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Bryan Dev Gopal, Tingwei Zhang, Anthony Norcia, Jeffrey L Goldberg, Alfredo Dubra, Hao Zhang, Brian Soetikno; Automatic retinal layer segmentation of visible-light optical coherence tomography images using deep learning. Invest. Ophthalmol. Vis. Sci. 2022;63(7):2069 – F0058.
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© ARVO (1962-2015); The Authors (2016-present)
Visible-light optical coherence tomography (vis-OCT) is an emerging imaging modality that can provide retinal imaging with an axial resolution of ~1.2 microns. Accurate retinal layer segmentation has yet to be established for vis-OCT. In this study, we built an end-to-end, deep learning-based segmentation algorithm to obtain boundaries for 12 retinal layers in human vis-OCT images.
The dataset consisted of 96 Vis-OCT B-scan images of the macula from human participants collected using the Aurora X2 vis-OCT system (Opticent Health, Evanston IL). Fourteen areas of the retina (12 layers + 2 backgrounds) were manually annotated. The images were resized to a height of 512 pixels and divided into strips of 32 pixels in width for training. The images were augmented with linear contrast, scaling, rotation, and translation. The final augmented dataset was split into training, validation, and test sets at a ratio of 60:20:20, respectively. A four-level U-net was then constructed with 5x3 pixel kernel sizes. The deep learning model was trained for 60 epochs with an Adam optimizer.
Fig. 1A shows an example vis-OCT image from the testing dataset. The image was used as an input to the deep learning model, which produced as a segmented image with 14 labels as output. The boundaries of each layer segmentation were determined and plotted in Fig. 1B. The combined average dice coefficient for the segmented layers was 0.90 +/- 0.06 (max: 0.98, min: 0.76).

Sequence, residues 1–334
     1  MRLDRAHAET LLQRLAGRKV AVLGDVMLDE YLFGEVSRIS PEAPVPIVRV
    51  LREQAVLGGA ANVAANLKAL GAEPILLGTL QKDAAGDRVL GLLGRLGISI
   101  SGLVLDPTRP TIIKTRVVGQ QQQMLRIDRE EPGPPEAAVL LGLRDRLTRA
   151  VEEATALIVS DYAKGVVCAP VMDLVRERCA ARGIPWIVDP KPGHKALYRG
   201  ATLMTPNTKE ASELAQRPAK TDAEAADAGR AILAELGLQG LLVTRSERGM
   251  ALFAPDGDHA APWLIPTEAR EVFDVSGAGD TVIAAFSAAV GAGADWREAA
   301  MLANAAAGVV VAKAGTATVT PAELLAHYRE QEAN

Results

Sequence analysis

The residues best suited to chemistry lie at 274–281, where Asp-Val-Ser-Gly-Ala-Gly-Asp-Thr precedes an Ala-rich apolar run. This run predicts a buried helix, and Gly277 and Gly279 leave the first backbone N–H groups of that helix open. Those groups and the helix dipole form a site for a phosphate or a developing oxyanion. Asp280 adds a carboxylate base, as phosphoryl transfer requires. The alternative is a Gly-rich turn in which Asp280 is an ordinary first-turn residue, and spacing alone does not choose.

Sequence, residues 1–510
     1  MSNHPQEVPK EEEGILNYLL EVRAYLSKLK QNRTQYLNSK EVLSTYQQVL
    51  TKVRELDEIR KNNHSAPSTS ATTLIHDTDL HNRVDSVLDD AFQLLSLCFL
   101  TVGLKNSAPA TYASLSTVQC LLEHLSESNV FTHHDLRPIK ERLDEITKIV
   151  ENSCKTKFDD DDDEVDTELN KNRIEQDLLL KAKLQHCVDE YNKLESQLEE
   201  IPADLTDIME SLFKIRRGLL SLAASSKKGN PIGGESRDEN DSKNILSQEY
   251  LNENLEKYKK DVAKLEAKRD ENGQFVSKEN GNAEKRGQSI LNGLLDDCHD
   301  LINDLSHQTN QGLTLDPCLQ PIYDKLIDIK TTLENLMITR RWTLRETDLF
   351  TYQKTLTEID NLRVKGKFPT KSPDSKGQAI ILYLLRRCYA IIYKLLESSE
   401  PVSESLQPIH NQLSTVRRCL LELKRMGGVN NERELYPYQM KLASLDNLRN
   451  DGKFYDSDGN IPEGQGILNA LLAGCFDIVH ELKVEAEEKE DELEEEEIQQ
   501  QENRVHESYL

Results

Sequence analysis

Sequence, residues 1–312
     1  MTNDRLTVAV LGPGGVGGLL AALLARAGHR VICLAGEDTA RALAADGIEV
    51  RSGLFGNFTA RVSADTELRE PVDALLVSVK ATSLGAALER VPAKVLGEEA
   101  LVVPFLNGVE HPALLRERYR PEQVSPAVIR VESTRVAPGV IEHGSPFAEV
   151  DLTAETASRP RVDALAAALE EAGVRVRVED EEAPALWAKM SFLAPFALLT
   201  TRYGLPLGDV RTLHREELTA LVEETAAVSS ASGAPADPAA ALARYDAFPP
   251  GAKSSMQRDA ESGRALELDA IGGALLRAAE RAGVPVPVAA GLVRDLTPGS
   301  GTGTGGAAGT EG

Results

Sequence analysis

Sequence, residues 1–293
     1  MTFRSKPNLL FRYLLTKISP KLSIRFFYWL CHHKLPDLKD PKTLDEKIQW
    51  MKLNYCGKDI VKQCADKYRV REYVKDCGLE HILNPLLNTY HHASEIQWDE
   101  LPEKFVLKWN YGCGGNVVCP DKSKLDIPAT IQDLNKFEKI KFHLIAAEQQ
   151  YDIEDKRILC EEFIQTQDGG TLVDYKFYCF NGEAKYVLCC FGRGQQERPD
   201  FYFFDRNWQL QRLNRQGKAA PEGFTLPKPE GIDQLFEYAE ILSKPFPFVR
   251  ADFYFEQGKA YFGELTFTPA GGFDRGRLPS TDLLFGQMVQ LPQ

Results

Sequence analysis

We successfully created an automatic retinal layer segmentation algorithm that utilized an end-to-end deep learning approach for vis-OCT images. We characterized the accuracy of the modelmodel's accuracy on our testing dataset and demonstrated its utility in investigating the sub-laminae of the inner plexiform layer. This study serves as the foundation for future work on automatic segmentation of vis-OCT images.
This abstract was presented at the 2022 ARVO Annual Meeting, held in Denver, CO, May 1-4, 2022, and virtually.
Fig. 1A. Vis-OCT B-scan of the human macula. Fig. 1B. Thirteen-layer segmentation boundaries in rainbow colors. Retinal nerve fiber layer (RNFL), ganglion cell layer (GCL), inner nuclear layer (INL), outer plexiform layer (OPL), outer nuclear layer (ONL), external limiting membrane (ELM), photoreceptor inner segment / outer segment junction (IS / OS), cone outer segment tip (COST), rod outer segment tip (ROST), retinal pigment epithelium (RPE), and Bruch's membrane (BM).
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